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  • \$\begingroup\$ I already have several extensions at the base library for similar actions but they are foreseeable. Problem with this is that i really want to create a XMLNodeList that overrides the return type from the generic XmlNode to the specified class. not having much success though ;( \$\endgroup\$ – GoldBishop Feb 20 '12 at 18:26
  • \$\begingroup\$ Tried using generics? \$\endgroup\$ – Lars-Erik Feb 20 '12 at 18:45
  • \$\begingroup\$ yeah but couldnt get the pattern to overload the return values. Ran into a brick wall. Tried doing XmlNodeList<T>: XmlNodeList but XmlNodeList evidently is a final class and is not inheritable. \$\endgroup\$ – GoldBishop Feb 20 '12 at 19:04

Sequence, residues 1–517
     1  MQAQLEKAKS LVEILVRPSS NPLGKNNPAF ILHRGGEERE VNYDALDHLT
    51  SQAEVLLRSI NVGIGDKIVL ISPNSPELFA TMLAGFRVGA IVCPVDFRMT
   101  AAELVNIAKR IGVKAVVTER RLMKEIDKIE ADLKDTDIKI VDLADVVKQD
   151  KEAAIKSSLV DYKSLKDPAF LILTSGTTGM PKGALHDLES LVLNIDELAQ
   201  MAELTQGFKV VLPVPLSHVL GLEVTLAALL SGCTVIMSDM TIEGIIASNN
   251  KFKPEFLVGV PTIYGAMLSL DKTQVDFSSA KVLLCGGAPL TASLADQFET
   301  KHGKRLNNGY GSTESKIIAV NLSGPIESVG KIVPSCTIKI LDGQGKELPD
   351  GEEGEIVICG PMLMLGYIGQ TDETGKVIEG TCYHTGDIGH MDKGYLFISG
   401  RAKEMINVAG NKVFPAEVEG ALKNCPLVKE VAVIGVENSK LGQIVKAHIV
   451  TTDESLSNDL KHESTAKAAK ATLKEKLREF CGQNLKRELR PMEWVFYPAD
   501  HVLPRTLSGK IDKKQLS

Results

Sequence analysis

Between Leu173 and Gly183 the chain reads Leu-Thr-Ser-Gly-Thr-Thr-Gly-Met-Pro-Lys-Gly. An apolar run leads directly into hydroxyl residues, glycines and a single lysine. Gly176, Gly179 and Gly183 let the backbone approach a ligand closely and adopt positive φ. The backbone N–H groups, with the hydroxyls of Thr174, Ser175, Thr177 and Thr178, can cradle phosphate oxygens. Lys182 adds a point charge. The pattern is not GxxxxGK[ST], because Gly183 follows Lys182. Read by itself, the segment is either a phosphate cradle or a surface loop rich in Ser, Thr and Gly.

• \$\begingroup\$ Make a wrapper for XmlNodeList instead of inheriting it, or make the methods working with the elements generic. For instance public static T GetElement<T>(this XmlNodeList list, string name). Post some more code if you want, I'm sure it's possible. :) \$\endgroup\$ – Lars-Erik Feb 20 '12 at 20:00
  • \$\begingroup\$ I see I forgot to include the wrapping in the example. I've updated the example with a private instance of the XmlNodeList and made the base class generic for the items, not the list. Notice the base class does not inherit XmlNodeList, it wraps it. Unless stated that you're supposed to in the documentation, a rule of thumb is never to inherit stuff from the BCL. Much better to wrap. As an added bonus, you often get less dependencies in code using your class. \$\endgroup\$ – Lars-Erik Feb 20 '12 at 23:47